PAL Television

 What Is PAL TV ? DVD Video Symbol With PAL Format VHS PAL DVD PAL Most of us are used to seeing VHS PAL and DVD PAL labels on VHS cassettes or DVDs, but what does PAL  mean? It stands for Phase Alternating Line and is a technical term indicating the colour system that is used which applies to analogue Television signals. Back in the 1950s when black and white TV was king, RCA of America developed a colour Cathode Ray Tube which meant colour TV was on it's way! Colour TVs would be very expensive to begin with and so millions would still be watching black and white for a while until mass production brought prices down. So how do you send the colour signal to the privileged few who could afford colour without effecting those who had black and white? Luminance and Chroma The black and white TV signal is also called the Luminance signal and is used to drive the CRT in varying intensity depending on the picture. You would need to keep this signal so that those with black and white TVs

TV Repair Advice

TV Repair Liverpool

 Advice on TV Repair from time served specialist with City and Guilds qualifications in TV, Electronics and Radio Servicing. Over 40 years experience in the Anfield and Walton area of Liverpool and Merseyside. There aren't many TV repair specialists around nowadays. This is because Televisions have become cheap to replace and many view them as throwaway when they break down. Many people wonder if a Television is worth repairing and whether a TV screen that has been broken accidentally can be repaired or replaced economically. If you have paid out hundreds of pounds on a new TV, it may be a good idea to take out insurance to protect your investment against accidental screen damage or breakdown after manufacturers warranty has ended.

LED Smart TV for repair
A TV that connects to the internet and has Apps is a Smart TV

What's Wrong With Your TV?

No Picture - Click Here

Broken Screen - Click Here

No Sound - Click Here

Is it worth repairing a TV?

You need to consider these factors-

  1. How old is the TV? 
  2. Was it expensive 'Top of the range' when you bought it or a cheapo?
  3. What will the estimated cost of the repair be?
  4. What was the picture quality when working? Sound quality?
  5. There is no guarantee that another fault won't develop after this repair.
  6. How long will it take to repair? 
  7. How long is the repair guaranteed for?
If the repair is straightforward and the cost is considerably less than buying a new TV, then probably it is worth getting it repaired. Some people get used to the style and functions of a TV and don't like the idea of looking for a replacement, or it may be desirable to keep it going as long as possible for sentimental reasons. In this case, a repair at a reasonable cost would be the answer.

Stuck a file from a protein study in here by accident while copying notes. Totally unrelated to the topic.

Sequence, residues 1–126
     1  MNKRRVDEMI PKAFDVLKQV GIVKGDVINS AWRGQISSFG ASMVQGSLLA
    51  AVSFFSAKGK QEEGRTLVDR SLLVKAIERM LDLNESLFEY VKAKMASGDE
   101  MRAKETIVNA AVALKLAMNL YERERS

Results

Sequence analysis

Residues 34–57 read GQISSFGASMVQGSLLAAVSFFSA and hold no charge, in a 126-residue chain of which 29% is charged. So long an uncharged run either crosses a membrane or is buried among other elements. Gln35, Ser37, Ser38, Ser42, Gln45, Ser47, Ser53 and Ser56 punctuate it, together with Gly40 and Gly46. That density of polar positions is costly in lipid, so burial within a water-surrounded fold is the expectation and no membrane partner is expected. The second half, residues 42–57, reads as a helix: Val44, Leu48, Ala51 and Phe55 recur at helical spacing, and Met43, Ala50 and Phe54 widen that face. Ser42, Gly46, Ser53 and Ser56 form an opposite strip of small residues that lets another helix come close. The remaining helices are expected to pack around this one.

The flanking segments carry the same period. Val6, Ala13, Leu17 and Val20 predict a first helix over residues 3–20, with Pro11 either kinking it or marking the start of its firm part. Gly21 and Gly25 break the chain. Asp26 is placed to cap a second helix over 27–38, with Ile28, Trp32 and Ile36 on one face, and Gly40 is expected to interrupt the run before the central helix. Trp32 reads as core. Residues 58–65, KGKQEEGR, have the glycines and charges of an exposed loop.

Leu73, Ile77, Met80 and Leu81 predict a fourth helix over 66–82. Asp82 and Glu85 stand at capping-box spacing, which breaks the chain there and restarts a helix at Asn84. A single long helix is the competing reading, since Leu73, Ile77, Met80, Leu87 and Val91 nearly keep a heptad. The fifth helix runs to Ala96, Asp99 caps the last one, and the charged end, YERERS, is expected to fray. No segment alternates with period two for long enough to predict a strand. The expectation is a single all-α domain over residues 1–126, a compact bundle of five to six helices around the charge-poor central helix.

Keep in mind that televisions are becoming more difficult and uneconomical to repair. It is also a problem obtaining parts, replacement boards are mostly second hand, harvested from scrap TVs with a broken screen, so reliability cannot be guaranteed. 

  Bigger TVs 

Many people now have TVs over 50″ -75″ , 80″ + These are a problem to transport and handle. With a larger screen, there is a greater risk of the screen being damaged, which would write off the TV if it happened. Not much fun having to break the bad news to a customer ! Not many engineers that are left will touch anything over 50″. 

  Cheap TVs 

 Unlike most other things, TVs seem to be getting cheaper, so more customers are opting to buy a new TV rather than a repair. You do get what you pay for, the quality of new TVs, even ‘good makes’ is not as it was compared to even a few years ago.

  Buy Insurance

 If you are buying a new TV, especially a large screen, it is worth taking out a 5 year guarantee. I  had countless customers  complain that their TV that had gone faulty was ‘just out of the guarantee’ – that’s after just one year ! This suits the manufacturers and retailers as you will have to buy a new one – Throwaway or what ! Costco have a five year guarantee on TVs. Richer Sounds also have a long guarantee, as does John Lewis, who give a five year guarantee on all new TVs. It used to be that the usual cost to repair a TV was less than taking out insurance and so it was worth taking a chance. Now, I would recommend anyone spending over £500 to consider breakdown insurance, even better, insure against accidental damage especially the screen. Well worth it for peace of mind.

  The Good Old Days

In the 80s and 90s, TVs were still relatively expensive so people would rent or buy second-hand. There were many TV shops around that sold second hand TVs. These were mainly acquired from the large rental companies such as D.E.R., Visionhire, Granada, etc as they replaced old stock. Almost any TV could be repaired as parts were readily available. If the original part from the manufacturer was too expensive, someone somewhere would make a pattern part that would be cheaper. Even if the tube, or CRT had gone, you could get one that had been refurbished. Not like TV screens today, if that goes, the TV a write off. You could even get a replacement cabinet if it had been damaged, or if it was a wooden cabinet, it was worth paying a polisher to come in and make any damage to the wood veneer like new. There used to be one that went around the Liverpool area called ” John the Pol “ Sadly, those days that lasted a few decades have gone. Technology has transformed the humble TV into a super computer that connects to the outside world, but when it breaks, throw it away!

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